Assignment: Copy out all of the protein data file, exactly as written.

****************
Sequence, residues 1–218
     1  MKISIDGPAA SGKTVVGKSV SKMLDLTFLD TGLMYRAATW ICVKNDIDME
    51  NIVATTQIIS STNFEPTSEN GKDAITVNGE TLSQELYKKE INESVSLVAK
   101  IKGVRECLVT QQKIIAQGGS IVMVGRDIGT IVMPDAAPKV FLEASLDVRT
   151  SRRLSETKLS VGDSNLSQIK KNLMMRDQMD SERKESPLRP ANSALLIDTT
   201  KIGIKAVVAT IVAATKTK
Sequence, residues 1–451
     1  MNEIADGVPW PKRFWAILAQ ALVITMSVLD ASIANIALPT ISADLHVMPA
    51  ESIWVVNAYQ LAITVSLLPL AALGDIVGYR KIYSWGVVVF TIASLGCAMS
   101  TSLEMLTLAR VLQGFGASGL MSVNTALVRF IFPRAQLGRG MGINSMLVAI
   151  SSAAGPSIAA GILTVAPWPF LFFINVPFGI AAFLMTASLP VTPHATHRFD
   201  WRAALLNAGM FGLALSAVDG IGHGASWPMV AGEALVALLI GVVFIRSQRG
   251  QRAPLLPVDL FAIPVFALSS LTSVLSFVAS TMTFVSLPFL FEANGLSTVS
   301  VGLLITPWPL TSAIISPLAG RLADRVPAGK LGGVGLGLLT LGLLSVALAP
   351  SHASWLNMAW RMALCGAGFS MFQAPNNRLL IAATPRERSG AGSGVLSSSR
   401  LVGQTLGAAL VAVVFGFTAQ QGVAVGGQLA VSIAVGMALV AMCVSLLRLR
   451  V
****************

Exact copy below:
Sequence, residues 1–218
     1  MKISIDGPAA SGKTVVGKSV SKMLDLTFLD TGLMYRAATW ICVKNDIDME
    51  NIVATTQIIS STNFEPTSEN GKDAITVNGE TLSQELYKKE INESVSLVAK
   101  IKGVRECLVT QQKIIAQGGS IVMVGRDIGT IVMPDAAPKV FLEASLDVRT
   151  SRRLSETKLS VGDSNLSQIK KNLMMRDQMD SERKESPLRP ANSALLIDTT
   201  KIGIKAVVAT IVAATKTK
Sequence, residues 1–451
     1  MNEIADGVPW PKRFWAILAQ ALVITMSVLD ASIANIALPT ISADLHVMPA
    51  ESIWVVNAYQ LAITVSLLPL AALGDIVGYR KIYSWGVVVF TIASLGCAMS
   101  TSLEMLTLAR VLQGFGASGL MSVNTALVRF IFPRAQLGRG MGINSMLVAI
   151  SSAAGPSIAA GILTVAPWPF LFFINVPFGI AAFLMTASLP VTPHATHRFD
   201  WRAALLNAGM FGLALSAVDG IGHGASWPMV AGEALVALLI GVVFIRSQRG
   251  QRAPLLPVDL FAIPVFALSS LTSVLSFVAS TMTFVSLPFL FEANGLSTVS
   301  VGLLITPWPL TSAIISPLAG RLADRVPAGK LGGVGLGLLT LGLLSVALAP
   351  SHASWLNMAW RMALCGAGFS MFQAPNNRLL IAATPRERSG AGSGVLSSSR
   401  LVGQTLGAAL VAVVFGFTAQ QGVAVGGQLA VSIAVGMALV AMCVSLLRLR
   451  V